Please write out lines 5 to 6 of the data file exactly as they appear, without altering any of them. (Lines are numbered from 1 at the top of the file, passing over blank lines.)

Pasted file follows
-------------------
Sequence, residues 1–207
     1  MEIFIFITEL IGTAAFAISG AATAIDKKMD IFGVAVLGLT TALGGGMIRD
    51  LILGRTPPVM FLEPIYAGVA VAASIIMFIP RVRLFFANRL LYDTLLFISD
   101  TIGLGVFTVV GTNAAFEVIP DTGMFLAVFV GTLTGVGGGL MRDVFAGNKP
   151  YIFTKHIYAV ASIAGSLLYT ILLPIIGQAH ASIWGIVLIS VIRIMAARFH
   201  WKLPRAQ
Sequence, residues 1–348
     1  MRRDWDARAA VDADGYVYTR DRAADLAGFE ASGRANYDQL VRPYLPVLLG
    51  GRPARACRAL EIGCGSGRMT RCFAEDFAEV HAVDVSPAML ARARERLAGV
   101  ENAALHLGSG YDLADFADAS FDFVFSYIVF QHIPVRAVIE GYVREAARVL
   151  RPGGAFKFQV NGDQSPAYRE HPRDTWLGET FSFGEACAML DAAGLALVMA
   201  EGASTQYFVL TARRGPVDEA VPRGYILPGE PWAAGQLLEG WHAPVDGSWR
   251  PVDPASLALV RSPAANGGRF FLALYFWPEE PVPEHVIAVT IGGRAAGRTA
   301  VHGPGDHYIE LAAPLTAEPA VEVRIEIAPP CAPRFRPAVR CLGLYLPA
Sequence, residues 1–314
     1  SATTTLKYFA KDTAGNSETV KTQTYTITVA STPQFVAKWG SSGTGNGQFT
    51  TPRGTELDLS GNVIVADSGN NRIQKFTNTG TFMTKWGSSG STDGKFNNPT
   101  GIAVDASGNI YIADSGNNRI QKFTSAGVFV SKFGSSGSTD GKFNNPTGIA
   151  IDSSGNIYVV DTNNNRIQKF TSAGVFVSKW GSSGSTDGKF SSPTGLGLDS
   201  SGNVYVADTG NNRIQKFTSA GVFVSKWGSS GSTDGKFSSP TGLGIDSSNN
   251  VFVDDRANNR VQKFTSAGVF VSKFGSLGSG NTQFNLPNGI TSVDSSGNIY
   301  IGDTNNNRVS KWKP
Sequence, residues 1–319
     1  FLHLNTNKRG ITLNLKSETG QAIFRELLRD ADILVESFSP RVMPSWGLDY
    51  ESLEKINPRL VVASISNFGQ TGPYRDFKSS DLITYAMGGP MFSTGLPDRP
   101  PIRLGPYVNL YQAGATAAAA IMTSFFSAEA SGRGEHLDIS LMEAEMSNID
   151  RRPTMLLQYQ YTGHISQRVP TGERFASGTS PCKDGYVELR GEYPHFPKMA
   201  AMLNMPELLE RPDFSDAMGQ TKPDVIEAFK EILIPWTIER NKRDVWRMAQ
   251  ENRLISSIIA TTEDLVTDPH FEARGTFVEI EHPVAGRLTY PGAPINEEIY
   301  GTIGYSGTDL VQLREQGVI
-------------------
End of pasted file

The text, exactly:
   151  YIFTKHIYAV ASIAGSLLYT ILLPIIGQAH ASIWGIVLIS VIRIMAARFH
   201  WKLPRAQ